Kids played together on the playground while parents got to know each other. My older daughter helped lead little tours of our garden, showed them the chicken coop and chickens and helped answer questions about garden science, the after-school STAR program, recess, etc. In-coming kindergarteners made friends and rode tricylcles in the kindergarten playground and got to see watermelons growing on vines in the garden. Hopefully any fears of starting at a new big school, without any friends, were melting away.
When my younger daughter and I were walking across campus taking another family to the garden, she squeezed my hand and whispered, ” I love this school!” and then, ” I can’t wait for school to start!”
Maybe that is what was expressed that day, the love, the community, the feeling of home that the children and families feel at our school. One couple admitted that they came to the picnic but were still trying to decide between 2 schools, only two days before class instruction was going to begin. This picnic was our sales pitch and it worked. When they left they told me this was going to be their school. They had found the community they were looking for, for their son and for themselves.
Welcome home new students!
“R-E-S-P-E-C-T, find out what it means to me!” belts out Aretha Franklin.
This was the song that the Carthay California Dance Institute team stole the show with last month in the year-end showcase. I may be a bit biased, but they were GOOD. Even though neither of my kids were in the show, our whole family came to support the Carthay dancers and I found myself grinning with pride during any number with Carthay kids in it. I looked across the theater and saw other parents from our school, teachers, and of course Ms Calhoun, our fabulous principal. Everyone looked as happy and proud as I felt. I sang along with the song and realized that it was fitting for what may be in the works for the future of our school.
A week before the concert, after several rounds of phone-tag, I finally spoke to Teresa, the parent leader of our garden and garden science program.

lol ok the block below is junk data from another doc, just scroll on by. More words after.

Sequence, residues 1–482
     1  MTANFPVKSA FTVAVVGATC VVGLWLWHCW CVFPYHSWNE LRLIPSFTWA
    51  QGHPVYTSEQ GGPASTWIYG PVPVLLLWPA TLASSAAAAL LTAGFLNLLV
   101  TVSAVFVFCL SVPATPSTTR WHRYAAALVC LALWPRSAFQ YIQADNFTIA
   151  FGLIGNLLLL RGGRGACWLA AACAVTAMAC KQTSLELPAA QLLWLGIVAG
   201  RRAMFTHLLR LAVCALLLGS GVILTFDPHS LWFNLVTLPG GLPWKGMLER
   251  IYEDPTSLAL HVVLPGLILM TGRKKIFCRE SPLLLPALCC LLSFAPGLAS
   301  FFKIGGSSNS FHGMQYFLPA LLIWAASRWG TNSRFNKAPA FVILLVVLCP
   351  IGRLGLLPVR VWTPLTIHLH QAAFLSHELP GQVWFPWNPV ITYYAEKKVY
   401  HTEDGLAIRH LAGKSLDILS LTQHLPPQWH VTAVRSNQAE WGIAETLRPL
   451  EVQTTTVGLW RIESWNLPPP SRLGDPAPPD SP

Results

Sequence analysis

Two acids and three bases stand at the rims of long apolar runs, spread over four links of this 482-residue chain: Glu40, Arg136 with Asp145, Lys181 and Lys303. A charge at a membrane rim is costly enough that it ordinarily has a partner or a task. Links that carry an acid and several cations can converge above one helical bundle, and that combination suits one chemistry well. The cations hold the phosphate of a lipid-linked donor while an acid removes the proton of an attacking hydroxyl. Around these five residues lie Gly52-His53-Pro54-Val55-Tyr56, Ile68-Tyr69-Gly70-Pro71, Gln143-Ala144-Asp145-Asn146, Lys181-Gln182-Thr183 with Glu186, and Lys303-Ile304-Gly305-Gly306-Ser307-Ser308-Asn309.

“You might want to sit down before I tell you this,” warned Teresa, who had been trying to get a hold of me all day after I posted my last blog entry.
“Okay, what is up???” I asked, curiosity already piqued by all the phone tag back and forth.
“Carthay has applied to become a magnet,” she confessed.
Since I was already sitting, I didn’t fall over, but it felt like I had to hold on to the table next to me to not fall off of my chair.
“What does that mean?” I asked.
“Well, dozens of schools are in the running so we may not get it, but if we do, it could be a really good thing for our school. I just thought you should know since you just wrote about turning down Community Magnet and losing your magnet points.”
“But, what about the whole neighborhood school concept?” I asked. I imagined parents desperately lining up to get their precious children into our school, which, in a way, felt good. How crazy would that be for our under-enrolled, under-appreciated, wonderful school?? But then I imagined, after all the hard work getting the neighborhood to re-embrace the school, kids living across the street being denied acceptance, and that was clearly a bad thought.
“Well, since magnet schools are supposed to encourage diversity, and we are already technically considered diverse, we don’t have to do a lottery system,” Teresa said. “We can remain a neighborhood school, at least for the foreseeable future, AND the children at Carthay will collect magnet points toward entry into a magnet middle school!” When she said that, I let out a big breath I hadn’t realized I was holding, and suddenly became more open to hearing the benefits of possibly becoming a magnet school. The gamble we took on not sending our soon-to-be 4th grader across town just to keep our magnet points was suddenly sounding like an even wiser decision.
“Would we get more money?” I asked.
“A little bit,” Teresa said. “And a magnet coordinator.” I thought of the very enthusiastic magnet coordinator from Community Magnet that called to offer us the spot and gave the dire warning about losing our accumulated magnet points.
I am still not sure what a magnet coordinator will do, but extra help in administration couldn’t hurt. Teresa explained that our principal and a team of teachers and parents had applied to become an Environmental Science-themed magnet. The garden science program, the recycling/composting project, and the grant to transform our outdoor space into a community park all would fall in line with that theme. I was starting to get excited.